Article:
Despite the very obvious creative talent and ability of many gifted black musicians and composers, racial prejudice and discrimination often hampered their careers.


Here are five African-American that paved the way for others to follow

5 African-American classical music pioneers

Maurice Arnold Strothotte


The Missouri-born composer studied with Dvořák in New York, and his American Plantation Dances were performed alongside Dvořák’s arrangements in an 1894 concert. He wrote a symphony, two comic operas, a ballet and vocal works, melding Romanticism with African-American folk music.

Robert Nathaniel Dett


Dett championed African-American folk music and spirituals as a wonderful store of melodies for composers to use. His 1937 oratorio The Ordering of Moses was broadcast live on NBC but this was cut short, reportedly after listeners complained about music by an African American being on air.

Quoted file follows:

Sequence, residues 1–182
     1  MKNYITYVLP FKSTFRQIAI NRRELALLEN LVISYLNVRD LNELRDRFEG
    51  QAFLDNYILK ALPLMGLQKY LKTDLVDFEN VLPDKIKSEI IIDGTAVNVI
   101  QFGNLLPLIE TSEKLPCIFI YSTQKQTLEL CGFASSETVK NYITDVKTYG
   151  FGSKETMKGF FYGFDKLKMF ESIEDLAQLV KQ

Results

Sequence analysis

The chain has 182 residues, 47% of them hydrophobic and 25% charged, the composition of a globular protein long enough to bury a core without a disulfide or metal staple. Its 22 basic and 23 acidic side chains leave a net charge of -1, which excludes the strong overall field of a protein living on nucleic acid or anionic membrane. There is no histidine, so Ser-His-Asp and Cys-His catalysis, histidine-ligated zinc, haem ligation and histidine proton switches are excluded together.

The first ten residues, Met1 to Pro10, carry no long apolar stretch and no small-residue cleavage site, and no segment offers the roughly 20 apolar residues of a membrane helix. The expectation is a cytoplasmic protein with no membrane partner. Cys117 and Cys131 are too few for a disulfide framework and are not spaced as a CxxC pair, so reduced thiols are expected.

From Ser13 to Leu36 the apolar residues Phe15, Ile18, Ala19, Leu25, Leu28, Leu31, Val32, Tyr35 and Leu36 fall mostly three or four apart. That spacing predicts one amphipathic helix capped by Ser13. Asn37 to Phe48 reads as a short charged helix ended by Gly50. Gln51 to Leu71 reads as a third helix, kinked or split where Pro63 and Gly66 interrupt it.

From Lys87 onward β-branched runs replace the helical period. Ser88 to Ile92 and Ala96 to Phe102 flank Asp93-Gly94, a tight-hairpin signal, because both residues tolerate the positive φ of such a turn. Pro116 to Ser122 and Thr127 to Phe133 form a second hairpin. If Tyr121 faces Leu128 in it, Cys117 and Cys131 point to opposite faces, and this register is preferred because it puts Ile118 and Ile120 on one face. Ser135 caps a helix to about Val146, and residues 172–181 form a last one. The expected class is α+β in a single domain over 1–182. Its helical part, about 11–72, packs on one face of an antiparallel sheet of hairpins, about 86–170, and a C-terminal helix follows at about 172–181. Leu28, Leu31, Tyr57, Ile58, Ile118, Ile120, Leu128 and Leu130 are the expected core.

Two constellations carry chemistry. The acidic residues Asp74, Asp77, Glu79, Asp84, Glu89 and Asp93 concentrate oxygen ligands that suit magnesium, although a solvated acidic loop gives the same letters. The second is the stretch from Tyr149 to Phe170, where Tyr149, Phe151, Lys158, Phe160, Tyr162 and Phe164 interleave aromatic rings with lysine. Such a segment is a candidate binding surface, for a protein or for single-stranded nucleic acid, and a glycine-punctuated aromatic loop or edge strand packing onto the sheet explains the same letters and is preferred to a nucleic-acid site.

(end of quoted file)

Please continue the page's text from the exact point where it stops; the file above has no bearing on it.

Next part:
Florence B Price


When the Chicago Symphony Orchestra premiered her Dvořák-inspired Symphony in E minor in 1933, Florence Price became the first African-American woman to have an orchestral work performed by a major US orchestra. Marian Anderson and Leontyne Price were just two singers who championed her songs and arrangements.

We named Price one of the best female composers of all time

William Grant Still


Conductor, composer and arranger, Still made his mark in many fields. A student of Varèse, he was the first African American to have a symphony played by one of the big US orchestras, to conduct a major orchestra and to have an opera premiered by a major company. He wrote eight operas but is best known for his 1931 Afro-American Symphony.

Margaret Allison Bonds



A pianist and composer, Bonds played Price’s Piano Concerto with the Women’s Symphony Orchestra of Chicago at the World Fair and became the first African American to appear as a soloist with the Chicago Symphony Orchestra. Her song Sea Ghost won the Wanamaker Award, and she was known for her settings of poems by Langston Hughes.